They can eat a bag.

  26. Buran says:

    @Ryan Duff: And then all you have to do is file a chargeback of THAT charge, since you didn’t agree to be charged.

  27. SpenceMan01 says:

    “Being listed on such databases may make it more difficult or even impossible for you to use (any of) your credit card(s) on future purchases with us or other merchants.”

    Good. Makes it easier to avoid dumb merchants that employ these stupid, anti-consumer policies.

    PS: How do you get the little “quote box” in a comment?

  28. BigBoat says:

    For most of the reasons one files a chargeback, the clause is probable unenforceable.

  29. Traveshamockery says:

    “If your chargeback is upheld, you agree to pay all of the same costs, in addition to the original purchase price, but we will use the dispute resolution procedures below to confirm and collect such amounts.”

    Whaaaaa?!!?

  30. This contract is pretty much null and void if they didn’t do the work (which is why you would be doing a chargeback anyway).

    So I’d sign it and if I needed to chargeback and they publish their information, I would figure that I could sue for slander.

    But anyway, yeah. This isn’t enforceable as I see it, but I’m not a lawyer.

  31. ottergal says:

    I’m not coming to the defense of the company in this case, but if you read the actual line in the contract it says: “You agree not to file a credit card or debit card chargeback with regard to any purchase and instead abide by the dispute resolution procedures outlined below.” (Emphasis mine, of course)

    They’re not saying you don’t have recourse, they are trying to lock you into their method of resolution dispute… which I really hope includes a joust or at least a hearty game of Rock, Paper, Scissors.

  32. akede2001 says:

    @backbroken: Exactly. Merchants cannot charge you for fees incurred by a chargeback. The merchant can claim to charge you whatever you want, but once the initial chargeback is resolved, any further charges to your credit card which you do not authorize are fraudulent. Storing your credit card information beyond the duration of a one-time purchase without consent is a violation of CISP/PCI Compliance standards and can open the merchant to penalties. Bonus points if they store your CCV.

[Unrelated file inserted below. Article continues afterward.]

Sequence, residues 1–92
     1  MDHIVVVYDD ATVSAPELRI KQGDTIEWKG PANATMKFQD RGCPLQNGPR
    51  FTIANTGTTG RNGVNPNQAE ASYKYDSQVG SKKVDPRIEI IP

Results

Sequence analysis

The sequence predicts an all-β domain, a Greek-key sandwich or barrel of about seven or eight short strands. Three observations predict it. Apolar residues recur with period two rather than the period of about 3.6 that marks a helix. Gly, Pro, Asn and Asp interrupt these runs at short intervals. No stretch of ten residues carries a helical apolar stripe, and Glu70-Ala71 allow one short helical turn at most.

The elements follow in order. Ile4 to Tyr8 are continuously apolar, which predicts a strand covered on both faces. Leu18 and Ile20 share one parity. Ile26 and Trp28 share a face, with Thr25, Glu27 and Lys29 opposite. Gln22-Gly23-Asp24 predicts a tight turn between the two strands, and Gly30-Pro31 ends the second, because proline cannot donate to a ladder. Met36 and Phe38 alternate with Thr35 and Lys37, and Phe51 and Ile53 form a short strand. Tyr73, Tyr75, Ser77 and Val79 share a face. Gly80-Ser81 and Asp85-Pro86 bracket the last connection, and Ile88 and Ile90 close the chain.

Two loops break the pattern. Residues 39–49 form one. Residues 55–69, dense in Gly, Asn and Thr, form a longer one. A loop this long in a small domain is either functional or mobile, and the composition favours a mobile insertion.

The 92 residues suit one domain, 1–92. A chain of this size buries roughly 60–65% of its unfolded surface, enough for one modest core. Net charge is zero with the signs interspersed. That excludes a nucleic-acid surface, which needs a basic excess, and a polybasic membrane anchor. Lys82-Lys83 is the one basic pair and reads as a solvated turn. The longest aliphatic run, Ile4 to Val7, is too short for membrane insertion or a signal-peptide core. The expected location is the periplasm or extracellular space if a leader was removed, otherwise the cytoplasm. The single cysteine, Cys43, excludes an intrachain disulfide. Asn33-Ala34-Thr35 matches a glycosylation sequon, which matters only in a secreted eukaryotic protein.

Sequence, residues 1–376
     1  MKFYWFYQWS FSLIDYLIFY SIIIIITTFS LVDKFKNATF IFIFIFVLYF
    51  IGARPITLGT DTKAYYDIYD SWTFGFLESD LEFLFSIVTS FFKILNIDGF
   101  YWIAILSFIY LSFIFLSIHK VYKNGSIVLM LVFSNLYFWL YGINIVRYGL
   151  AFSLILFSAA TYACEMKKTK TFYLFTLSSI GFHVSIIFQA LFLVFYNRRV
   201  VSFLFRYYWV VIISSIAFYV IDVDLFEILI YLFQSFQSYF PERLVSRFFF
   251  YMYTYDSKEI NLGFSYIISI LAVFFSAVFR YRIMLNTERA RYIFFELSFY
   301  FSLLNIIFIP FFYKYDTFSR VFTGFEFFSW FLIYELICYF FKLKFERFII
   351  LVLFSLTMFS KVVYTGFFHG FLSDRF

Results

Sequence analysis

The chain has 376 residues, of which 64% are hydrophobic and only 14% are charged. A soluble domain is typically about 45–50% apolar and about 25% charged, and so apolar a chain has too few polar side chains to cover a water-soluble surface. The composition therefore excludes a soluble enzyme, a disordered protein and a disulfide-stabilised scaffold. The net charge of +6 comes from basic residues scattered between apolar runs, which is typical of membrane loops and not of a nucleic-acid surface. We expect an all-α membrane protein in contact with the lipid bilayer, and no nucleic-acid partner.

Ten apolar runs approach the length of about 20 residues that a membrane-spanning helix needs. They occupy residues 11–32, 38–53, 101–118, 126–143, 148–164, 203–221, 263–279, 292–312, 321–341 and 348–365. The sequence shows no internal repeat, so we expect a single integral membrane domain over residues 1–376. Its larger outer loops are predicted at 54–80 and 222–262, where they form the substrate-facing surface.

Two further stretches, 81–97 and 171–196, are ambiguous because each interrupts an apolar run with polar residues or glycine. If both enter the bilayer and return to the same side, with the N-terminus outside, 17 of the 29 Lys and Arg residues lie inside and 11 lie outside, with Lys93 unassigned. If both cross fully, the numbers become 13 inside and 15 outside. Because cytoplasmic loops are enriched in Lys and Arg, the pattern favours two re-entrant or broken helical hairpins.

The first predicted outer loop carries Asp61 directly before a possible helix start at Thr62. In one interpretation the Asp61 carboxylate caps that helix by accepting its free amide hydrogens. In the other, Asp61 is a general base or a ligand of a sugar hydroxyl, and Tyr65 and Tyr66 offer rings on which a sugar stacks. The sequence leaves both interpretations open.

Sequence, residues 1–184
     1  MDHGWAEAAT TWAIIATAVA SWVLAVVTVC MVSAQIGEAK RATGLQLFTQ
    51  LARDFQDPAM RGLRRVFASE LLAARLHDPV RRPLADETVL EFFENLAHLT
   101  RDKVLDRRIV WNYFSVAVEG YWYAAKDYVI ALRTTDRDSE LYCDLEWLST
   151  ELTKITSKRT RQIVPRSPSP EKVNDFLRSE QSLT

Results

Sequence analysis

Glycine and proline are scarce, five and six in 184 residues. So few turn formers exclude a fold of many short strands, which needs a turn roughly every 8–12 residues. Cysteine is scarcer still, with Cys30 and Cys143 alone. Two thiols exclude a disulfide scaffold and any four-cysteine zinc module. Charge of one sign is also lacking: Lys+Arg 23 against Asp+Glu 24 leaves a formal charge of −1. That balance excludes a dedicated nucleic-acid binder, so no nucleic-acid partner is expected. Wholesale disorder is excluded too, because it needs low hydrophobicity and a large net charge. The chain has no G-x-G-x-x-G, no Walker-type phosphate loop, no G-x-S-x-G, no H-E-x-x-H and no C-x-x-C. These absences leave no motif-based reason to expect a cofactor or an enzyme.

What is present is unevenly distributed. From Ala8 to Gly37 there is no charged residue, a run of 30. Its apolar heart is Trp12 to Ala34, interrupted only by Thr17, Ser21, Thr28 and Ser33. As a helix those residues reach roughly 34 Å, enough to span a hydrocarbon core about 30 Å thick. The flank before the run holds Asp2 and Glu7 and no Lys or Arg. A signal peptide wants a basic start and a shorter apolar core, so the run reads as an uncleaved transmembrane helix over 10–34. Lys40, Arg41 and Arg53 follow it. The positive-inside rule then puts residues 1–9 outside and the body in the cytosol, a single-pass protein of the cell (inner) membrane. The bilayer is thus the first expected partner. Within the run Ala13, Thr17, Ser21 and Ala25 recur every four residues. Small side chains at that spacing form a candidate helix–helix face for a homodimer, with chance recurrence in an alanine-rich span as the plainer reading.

33. akede2001 says:

    @Snarkysnake: Exactly. Whenever I make purchases now, I put it on my credit card, then pay off the credit card. This way I always have the ability to dispute the payment later on if I find something wrong with the product and/or services. Must better than using a debit transaction or a check.

    And the reason VISA/Mastercard doesn’t care about issuing a chargeback? Because the merchant eats the cost.. not your bank, not you, not VISA or Mastercard. If you are really due the money back, then chances are you will get it back.

  34. Parting says:

    Is this merchant an IDIOT? What do you think Visa/MC/Amex will do when they have ONE complaint from one of their customers? This merchant is breaking his agreement with credit cards. So after couple of events, where its customers speak up, he won’t be able to USE credit cards in the first place.

  35. Parting says:

    @Snarkysnake: Visa/MC will simply bar this merchant. Do he will be stuck with cash/check/money order options.

  36. highmodulus says:

    If VISA didn’t know about this, I am betting some helpful soul has brought it to their attention by now.

    Also, in a related matter, I bet someone at this crappy tuner shop is having a “bad case of the Mondays” right about now.

  37. SadSam says:

    I don’t regularly use credit cards so maybe I’m out the loop but are there consumers out there abusing chargebacks?

  38. chrisjames says:

    If anyone is on the fence about the importance of information privacy, here’s a quote directly from the Chargeback Protection service that maintains a/the database. This is from an on-site FAQ.

    My privacy policy bans me from disclosing customer information. Now what? Abusers are not customers, but criminals. “

    It also compares it’s service to hiring a lawyer in case of fraud in terms of disclosure (why not just take legal action, eh?) and suggests that a minimum level of protection for merchants is to collect as much personal information on each customer as possible to assess, by unclear means, their legitimacy.

  39. Richardsonke says:

    These policies seem to be very popular with web hosting companies. I have run into multiple of them that that charge $50 or more if the client initiates a chargeback. One of them even has in its terms and conditions that they can take legal action to get the fees they charge if this happens.

  40. howie_in_az says:

    Looks like a shitty fly-by-night store anyway, as if one needed more reason to avoid them.

  41. digitalgimpus says:

    This isn’t that uncommmon. Someone even wrote a story on this before (might have been CNet).

    You’d be surprised what companies forbid if you read the terms. Often there’s also wording to try and stop you from publicizing bad service or a bad product.

    Enforceable? Likely varies from state to state. Uncommon? Not at all.

  42. EarlNowak says:

    Comment on Merchant Tries To Forbid Chargebacks Does not vary from state to state. It’s unenforceable. Look up the
    Truth in Lending act. Consumers have rights under federal law that
    can’t be abrogated by a Merchant or Issuer.

  43. Their policies are superseded by their agreement with MC/Visa/Amex.